How to play Backgammon
Table of Contents
Deciding who goes first
At the beginning of each game, both players will roll a single dice each to determine who will go first. The player who rolls a higher number will go first. If both players roll equal numbers, they will continue to roll until someone wins.
In matches, players will roll to decide who goes first at the beginning of each game.
Object of the game
You must move all of your checkers to your home board and then bear them off one by one. The first player to bear off all of their checkers wins the game.
To begin your turn, you must first roll the dice to determine how many points (also known as pips) you can move your checkers. You can only move your checkers forward (counter-clockwise). The following rules apply:
- You can move a checker only to an open point. A point is open when it is not occupied by two or more opposing checkers.
- Each dice roll constitutes to a separate move. For example, if you roll 3 and 6, you may move one checker 3 spaces to an open point and another 6 spaces to an open point, or move one checker a total of 9 spaces to an open point, only if the intermediate point (either 3 or 6 spaces from the starting point) is also open.
- If you roll a double (for example 6 and 6) you play the dice numbers twice. Doubles constitute to four moves.
- You are required to use all moves of a roll if it is legally possible. If you cannot use all of your rolls, you must use the ones you can, skipping the others. If you can make either of the two moves but not both, you are required to use the higher roll.
Hitting and Entering
Blots are points which are occupied by only one checker. When an opposing checker lands on a blot, the blot is hit and moved to the bar. If you have checkers on the bar, you must first enter those checkers before conducting any other moves.
To enter a checker, you must move it to an open point in the opponent’s home board, corresponding to one of your dice rolls. If both points are not open, you must skip your turn. If you can enter only some of your checkers on the bar, you must enter as many as you can, and forfeit the remainder of your turn.
Once you enter all of your checkers on the bar, you must use your remaining dice rolls on legal moves (if any) before finishing your turn.
Once you have moved all of your fifteen checkers into your home board, you can begin bearing them off. You can bear off a checker by rolling a number which corresponds to the point on which the checker resides and then removing it from the bar. Rolling 5 will allow you to bear off a checker at point 5 (which is the second from left to right on your home board).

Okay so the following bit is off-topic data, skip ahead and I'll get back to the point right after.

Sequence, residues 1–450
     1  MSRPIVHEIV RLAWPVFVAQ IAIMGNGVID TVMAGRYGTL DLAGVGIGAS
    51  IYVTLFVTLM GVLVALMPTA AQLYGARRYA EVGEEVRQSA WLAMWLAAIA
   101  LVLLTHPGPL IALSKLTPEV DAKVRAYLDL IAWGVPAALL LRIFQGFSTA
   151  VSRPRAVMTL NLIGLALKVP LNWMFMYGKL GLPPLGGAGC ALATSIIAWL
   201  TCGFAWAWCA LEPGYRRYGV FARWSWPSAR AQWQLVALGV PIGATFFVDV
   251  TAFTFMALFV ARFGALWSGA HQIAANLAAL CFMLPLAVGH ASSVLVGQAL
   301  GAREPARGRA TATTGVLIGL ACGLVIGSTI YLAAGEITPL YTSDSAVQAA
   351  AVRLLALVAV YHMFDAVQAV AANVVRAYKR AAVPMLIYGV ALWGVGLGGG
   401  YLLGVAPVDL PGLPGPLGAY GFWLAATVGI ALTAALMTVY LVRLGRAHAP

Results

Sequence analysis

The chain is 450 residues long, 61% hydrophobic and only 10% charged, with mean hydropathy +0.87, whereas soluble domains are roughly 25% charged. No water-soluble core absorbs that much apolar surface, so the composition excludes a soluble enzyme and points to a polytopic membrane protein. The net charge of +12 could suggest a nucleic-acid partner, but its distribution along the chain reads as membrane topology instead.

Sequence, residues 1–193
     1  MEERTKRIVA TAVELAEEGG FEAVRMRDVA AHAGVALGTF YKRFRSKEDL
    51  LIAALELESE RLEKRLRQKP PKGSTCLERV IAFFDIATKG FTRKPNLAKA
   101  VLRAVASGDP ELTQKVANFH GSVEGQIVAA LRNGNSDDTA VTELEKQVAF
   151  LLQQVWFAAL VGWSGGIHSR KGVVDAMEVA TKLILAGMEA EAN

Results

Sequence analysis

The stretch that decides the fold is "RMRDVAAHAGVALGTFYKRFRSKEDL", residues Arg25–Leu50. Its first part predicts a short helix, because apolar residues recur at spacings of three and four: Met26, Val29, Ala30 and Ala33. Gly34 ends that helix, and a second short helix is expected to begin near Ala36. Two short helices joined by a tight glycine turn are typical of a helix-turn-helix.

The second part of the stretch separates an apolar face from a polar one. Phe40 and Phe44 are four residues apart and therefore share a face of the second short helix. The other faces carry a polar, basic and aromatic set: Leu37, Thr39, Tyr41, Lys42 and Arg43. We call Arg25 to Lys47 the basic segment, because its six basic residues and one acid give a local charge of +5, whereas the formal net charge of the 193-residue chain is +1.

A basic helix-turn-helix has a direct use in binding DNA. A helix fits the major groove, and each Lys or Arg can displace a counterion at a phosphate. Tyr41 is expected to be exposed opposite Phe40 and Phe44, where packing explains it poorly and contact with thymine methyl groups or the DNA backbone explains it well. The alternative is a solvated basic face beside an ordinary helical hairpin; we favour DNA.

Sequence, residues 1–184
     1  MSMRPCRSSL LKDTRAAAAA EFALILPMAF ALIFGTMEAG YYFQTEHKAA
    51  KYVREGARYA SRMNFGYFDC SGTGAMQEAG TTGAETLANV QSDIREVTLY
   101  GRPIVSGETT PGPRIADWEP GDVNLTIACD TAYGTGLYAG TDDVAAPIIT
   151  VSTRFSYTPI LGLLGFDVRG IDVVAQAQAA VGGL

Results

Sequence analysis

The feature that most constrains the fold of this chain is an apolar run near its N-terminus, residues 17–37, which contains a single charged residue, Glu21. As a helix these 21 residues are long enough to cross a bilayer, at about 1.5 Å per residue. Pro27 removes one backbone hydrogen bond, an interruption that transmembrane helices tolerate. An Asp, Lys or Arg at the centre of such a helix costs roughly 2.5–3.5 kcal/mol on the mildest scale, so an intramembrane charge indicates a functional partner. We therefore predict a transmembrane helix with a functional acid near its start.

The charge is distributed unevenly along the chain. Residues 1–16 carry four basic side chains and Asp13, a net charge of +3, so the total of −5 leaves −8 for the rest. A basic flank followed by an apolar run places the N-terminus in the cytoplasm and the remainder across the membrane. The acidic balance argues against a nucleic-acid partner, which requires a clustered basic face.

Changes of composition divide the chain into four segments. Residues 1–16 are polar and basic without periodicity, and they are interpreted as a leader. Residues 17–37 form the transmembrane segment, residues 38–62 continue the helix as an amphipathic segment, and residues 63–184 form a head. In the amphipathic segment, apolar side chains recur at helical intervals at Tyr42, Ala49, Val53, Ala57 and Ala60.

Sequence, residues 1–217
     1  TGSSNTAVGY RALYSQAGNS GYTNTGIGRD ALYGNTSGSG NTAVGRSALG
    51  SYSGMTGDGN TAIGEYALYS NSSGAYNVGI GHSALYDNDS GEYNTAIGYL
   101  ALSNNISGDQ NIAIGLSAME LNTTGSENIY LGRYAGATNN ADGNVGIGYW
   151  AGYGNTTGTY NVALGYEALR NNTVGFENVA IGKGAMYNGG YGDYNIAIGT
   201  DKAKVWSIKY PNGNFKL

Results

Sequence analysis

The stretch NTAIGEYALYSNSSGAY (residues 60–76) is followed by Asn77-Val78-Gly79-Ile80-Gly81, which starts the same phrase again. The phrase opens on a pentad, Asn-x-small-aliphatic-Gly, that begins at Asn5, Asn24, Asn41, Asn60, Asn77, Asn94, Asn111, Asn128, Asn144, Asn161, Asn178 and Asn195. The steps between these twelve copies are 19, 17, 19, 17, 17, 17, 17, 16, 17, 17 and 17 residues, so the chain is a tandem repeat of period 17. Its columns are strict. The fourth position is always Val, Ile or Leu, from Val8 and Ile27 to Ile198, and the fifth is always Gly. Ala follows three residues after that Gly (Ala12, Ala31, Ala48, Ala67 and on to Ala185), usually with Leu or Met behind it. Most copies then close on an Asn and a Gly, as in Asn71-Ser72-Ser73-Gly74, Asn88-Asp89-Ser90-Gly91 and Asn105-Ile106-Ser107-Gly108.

If you have no checkers on the point indicated by the roll, you must make a valid move using a checker on a higher-numbered point. If you have no checkers on higher-numbered points, you can bear off a checker from a lower-numbered point. You are not required to bear off in this case unless there are no more legal moves to make.
You can only bear off if all of your remaining checkers are on your home board. If one of your checkers is hit during bearing off, you must first enter that checker and move it back to your home board, before you can resume bearing off. The first player to bear off all checkers is the winner of the game.
In matches, each game awards the winner with 1 (or more in the case of Gammons and Backgammons) points. You can double the stakes of the game by selecting Double at the beginning of your turn before you roll the dice.
If you’re offered a double by your opponent, you may refuse in which case you concede the game and pay one point to your opponent. You can also accept the double and play on for higher stakes. The player who accepts the double becomes the owner of the doubling cube and only he can double.
Subsequent doubles are called redoubles. If a player refuses a redouble, he must pay the stake prior to the redouble. Otherwise, he accepts the redouble and becomes the new owner of the cube.
Gammons and Backgammons
If at the end of the game, the losing player has borne off at least one checker, the winner will get points equal to the number shown on the doubling cube (1 if nobody doubled). However, if the loser did not manage to bear off any checkers, he is gammoned and the winner gets twice the value of the doubling cube. If the loser has not borne off any checkers and still has one of his checkers on the bar, he is backgammoned, and the winner gets three times the value of the doubling cube.
Other Interesting facts about Backgammon.